22C:16 Computer Science I: Fundamentals.
Final Exam Information
The Final Exam will be held on Wednesday, May 11th from noon to 2:00 pm.
This is an open notes exam,
worth 20% of your grade and it will be marked out of 200 points.
Important Note: The exam will be in 100 PH (Philips Hall). This is not our
usual classroom; neither is it the other large auditorium we used for past exams. All students should come to this classroom.
There will be three problems on the test and details of these problems are
given below.
- Problem 1. [70 points] On dictionaries.
There will be two parts to this problem.
- In this problem, you will be given some expressions that involve
dictionaries (as well as strings, lists, and tuples). Your task will be to
evaluate these expressions.
- In this problem, you will be given a problem and asked to write code
that involves dictionaries. For example, take a look at Quiz 10.
- Problems 2. [70 points] On recursion.
There will be two parts to this problem.
- In this problem, you will be asked to ``trace'' (i.e., execute by hand)
a given recursive function.
The given function will contain code you are already familiar with for the most
part, e.g., functions fibonacci, power, binarySearch, mergeSort, etc.
You will not have to write code for this problem.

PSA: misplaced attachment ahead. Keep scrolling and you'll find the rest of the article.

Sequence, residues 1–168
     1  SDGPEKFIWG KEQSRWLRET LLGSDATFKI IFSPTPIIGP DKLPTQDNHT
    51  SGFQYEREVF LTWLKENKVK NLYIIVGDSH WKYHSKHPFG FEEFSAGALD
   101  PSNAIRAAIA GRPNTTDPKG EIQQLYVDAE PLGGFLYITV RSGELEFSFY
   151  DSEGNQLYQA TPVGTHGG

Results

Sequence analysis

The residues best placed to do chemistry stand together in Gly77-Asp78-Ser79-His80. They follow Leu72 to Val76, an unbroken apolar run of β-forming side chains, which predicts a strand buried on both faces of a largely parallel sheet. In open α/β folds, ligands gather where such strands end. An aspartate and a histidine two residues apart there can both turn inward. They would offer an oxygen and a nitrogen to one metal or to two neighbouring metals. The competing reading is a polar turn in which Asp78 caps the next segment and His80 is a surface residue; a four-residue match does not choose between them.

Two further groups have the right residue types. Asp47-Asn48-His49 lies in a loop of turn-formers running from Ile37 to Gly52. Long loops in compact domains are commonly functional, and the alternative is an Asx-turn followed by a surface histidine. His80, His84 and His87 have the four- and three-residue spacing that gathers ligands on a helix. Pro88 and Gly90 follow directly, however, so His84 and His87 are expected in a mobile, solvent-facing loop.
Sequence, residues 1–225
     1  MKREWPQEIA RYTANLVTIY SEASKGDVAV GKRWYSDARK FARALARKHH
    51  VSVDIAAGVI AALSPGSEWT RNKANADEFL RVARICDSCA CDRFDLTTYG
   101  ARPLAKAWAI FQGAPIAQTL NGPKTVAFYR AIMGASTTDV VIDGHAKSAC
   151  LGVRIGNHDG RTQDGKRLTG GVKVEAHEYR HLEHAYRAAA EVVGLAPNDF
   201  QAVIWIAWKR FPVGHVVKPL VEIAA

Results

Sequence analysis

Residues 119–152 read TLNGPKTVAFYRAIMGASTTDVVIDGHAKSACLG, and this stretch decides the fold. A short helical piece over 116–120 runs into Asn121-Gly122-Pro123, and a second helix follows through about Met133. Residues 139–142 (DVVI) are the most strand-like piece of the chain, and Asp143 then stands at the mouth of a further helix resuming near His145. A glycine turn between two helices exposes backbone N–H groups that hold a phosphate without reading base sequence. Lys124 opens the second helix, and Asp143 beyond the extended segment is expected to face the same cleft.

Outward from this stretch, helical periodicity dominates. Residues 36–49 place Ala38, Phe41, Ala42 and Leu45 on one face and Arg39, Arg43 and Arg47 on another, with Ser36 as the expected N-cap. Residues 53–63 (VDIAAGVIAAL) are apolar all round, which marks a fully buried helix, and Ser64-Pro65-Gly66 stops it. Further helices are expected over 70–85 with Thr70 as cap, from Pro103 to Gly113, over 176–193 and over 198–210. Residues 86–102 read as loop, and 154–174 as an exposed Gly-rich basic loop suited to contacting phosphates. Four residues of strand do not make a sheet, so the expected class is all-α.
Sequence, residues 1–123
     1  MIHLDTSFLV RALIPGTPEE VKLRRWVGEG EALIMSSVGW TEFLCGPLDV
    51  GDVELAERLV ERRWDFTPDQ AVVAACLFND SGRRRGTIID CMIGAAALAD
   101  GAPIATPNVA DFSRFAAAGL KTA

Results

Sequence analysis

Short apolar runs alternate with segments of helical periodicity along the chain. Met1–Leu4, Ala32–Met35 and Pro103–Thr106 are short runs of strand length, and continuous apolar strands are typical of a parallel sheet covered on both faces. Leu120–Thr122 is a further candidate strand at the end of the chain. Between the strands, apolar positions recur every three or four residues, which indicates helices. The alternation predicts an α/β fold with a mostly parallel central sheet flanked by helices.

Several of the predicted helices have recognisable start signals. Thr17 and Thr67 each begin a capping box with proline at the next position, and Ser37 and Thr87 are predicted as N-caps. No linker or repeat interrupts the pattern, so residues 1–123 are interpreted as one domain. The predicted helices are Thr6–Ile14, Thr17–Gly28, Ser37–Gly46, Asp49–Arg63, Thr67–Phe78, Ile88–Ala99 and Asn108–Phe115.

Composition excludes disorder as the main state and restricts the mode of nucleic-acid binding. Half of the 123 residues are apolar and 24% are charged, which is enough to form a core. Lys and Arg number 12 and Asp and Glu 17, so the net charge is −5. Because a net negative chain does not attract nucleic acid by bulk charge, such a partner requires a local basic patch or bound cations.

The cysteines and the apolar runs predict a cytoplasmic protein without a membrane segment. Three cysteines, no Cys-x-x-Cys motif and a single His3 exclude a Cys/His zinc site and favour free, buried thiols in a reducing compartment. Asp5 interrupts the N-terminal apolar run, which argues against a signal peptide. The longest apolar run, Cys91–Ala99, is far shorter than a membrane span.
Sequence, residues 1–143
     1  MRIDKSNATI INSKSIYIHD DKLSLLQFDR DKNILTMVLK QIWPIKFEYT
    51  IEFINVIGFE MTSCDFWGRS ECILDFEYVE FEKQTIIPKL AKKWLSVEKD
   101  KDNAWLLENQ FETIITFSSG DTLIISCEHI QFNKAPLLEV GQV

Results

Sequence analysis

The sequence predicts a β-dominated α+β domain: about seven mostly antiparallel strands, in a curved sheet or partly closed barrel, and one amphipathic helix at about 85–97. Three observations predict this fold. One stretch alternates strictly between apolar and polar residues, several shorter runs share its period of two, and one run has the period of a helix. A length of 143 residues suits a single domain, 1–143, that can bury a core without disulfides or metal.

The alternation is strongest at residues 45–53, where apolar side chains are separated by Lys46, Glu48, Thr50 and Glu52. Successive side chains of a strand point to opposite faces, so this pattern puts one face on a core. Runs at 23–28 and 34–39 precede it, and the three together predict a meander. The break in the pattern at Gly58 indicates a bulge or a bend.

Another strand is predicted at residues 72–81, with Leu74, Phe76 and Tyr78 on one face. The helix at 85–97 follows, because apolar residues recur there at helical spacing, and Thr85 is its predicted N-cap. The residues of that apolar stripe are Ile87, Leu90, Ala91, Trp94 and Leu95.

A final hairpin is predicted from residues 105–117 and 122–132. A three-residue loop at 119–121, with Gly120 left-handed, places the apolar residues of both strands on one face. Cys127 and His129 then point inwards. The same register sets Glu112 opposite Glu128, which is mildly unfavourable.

To get ready for this problem make sure you review these functions and
you understand how they work.
This will be similar to what you did for Quiz 12.
- In this problem, you will be given a problem and asked to write a
recursive function to solve it.
This problem will not require much code, 5-6 lines at most (for e.g., see Problem 4 on HW9 and also look over Quiz 11).
- Problems 3. [60 points] On classes and objects.
This problem will have two parts.
- In this part, you will be given a class implementation and will be asked
questions about how to use it. For example, you could be
given the twoDice class and asked to evaluate expressions that call
the constructor or other methods in the twoDice class.
- In this part, you will be given specifications of a class and asked to
implement it. See for example, Quiz 13.
I may throw in requirements that your class implementation be able to handle errors correctly. This will involve recent things you have learned such as
try, except, and raise.